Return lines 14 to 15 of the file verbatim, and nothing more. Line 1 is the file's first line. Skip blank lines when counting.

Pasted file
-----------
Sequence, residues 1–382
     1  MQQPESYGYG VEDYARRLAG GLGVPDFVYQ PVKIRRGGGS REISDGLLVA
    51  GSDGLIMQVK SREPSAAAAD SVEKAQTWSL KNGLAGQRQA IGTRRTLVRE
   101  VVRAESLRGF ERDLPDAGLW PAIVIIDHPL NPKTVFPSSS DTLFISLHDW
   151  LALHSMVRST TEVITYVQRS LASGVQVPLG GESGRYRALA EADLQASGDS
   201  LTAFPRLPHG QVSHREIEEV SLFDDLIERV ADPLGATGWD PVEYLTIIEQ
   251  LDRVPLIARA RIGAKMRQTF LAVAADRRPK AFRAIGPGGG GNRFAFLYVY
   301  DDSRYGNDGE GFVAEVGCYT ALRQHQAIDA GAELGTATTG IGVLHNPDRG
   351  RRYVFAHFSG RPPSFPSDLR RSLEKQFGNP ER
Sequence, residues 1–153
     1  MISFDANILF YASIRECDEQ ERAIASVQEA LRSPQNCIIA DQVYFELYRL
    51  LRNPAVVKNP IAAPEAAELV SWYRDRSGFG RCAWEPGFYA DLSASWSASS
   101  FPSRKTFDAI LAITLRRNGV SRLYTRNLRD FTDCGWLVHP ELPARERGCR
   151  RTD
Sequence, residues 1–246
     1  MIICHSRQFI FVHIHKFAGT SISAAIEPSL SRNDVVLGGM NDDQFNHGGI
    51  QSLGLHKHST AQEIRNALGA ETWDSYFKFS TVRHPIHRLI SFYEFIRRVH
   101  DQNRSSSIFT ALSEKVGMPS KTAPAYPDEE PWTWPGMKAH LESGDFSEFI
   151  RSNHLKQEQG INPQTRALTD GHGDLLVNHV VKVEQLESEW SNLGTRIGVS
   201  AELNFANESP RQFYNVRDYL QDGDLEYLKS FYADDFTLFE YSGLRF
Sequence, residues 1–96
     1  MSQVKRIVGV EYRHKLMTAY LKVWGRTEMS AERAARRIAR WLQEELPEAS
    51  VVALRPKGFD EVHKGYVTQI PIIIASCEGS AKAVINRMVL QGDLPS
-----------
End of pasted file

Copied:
   151  RTD
Sequence, residues 1–246